Dams are often operated to facilitate downstream juvenile anadromous fish migration over the spillways, but such operation can cause high dissolved concentrations of oxygen and nitrogen that can be harmful to fish. The concentration of total dissolved gas (TDG) in the flow changes with distance downstream of the spillway crest and depends on the geometric configuration of the spillway and on hydraulic and operating conditions. A model is presented that simulates the physical processes of gas transfer with the goal of having an accurate and more widely applicable TDG model for plunging spillway discharges. Bubble transfer is dominant in the stilling basin, while water surface transfer is dominant downstream. Sensitivity analyses suggest which physical processes are important for accurate total dissolved gas predictions. Instantaneous bubble coalescence and breakup based upon local turbulence conditions is an appropriate assumption. Vertical bubble profiles do not need to be simulated in this type of model. Water surface roughness provides a significant increase to surface transfer. Tailwater depth is important to downstream TDG concentrations. Finally, a 10% difference in air entrained at the plunge point causes relatively minor differences in TDG of 1.4 and 3.1% at low and high discharges, respectively.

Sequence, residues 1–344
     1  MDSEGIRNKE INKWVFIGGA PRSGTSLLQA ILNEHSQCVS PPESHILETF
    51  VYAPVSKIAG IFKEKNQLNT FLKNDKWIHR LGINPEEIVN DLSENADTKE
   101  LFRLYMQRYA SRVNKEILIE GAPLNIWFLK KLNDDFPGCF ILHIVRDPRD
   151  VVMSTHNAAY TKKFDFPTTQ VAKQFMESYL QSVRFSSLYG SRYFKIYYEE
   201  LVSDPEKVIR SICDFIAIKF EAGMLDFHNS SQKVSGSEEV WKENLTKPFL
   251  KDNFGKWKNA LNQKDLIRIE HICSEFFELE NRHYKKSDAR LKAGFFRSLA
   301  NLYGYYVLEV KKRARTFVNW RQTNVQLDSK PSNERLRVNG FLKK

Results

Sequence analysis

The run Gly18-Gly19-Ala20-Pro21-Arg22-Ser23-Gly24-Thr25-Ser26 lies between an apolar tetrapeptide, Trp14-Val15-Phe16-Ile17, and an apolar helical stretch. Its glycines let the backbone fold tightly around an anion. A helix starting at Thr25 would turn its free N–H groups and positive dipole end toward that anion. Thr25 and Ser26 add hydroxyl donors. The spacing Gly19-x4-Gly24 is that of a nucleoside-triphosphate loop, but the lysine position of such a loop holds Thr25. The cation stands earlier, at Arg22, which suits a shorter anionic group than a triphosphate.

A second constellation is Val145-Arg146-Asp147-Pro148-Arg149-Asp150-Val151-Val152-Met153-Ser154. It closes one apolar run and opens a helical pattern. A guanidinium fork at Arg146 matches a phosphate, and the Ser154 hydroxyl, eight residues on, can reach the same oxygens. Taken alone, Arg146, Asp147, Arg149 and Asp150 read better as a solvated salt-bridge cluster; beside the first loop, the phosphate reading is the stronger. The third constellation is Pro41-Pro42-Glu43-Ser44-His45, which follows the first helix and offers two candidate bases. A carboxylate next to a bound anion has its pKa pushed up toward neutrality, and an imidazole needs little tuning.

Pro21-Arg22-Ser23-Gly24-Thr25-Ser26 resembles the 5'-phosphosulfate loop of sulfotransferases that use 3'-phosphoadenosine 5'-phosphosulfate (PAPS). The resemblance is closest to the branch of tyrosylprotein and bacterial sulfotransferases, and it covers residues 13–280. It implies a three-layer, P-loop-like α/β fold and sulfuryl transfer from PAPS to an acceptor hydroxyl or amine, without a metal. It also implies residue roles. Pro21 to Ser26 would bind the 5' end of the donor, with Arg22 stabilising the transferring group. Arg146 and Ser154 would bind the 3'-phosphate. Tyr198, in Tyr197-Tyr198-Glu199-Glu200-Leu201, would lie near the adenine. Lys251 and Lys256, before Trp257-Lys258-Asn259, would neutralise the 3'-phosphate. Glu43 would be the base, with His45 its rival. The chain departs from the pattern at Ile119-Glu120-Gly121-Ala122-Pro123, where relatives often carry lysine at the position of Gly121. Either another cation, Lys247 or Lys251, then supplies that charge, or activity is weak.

|Original language||English (US)|
|Number of pages||12|
|Journal||Journal of Hydraulic Engineering|
|State||Published - May 1 2008|
- Dissolved gas
- Gas flow
- Water quality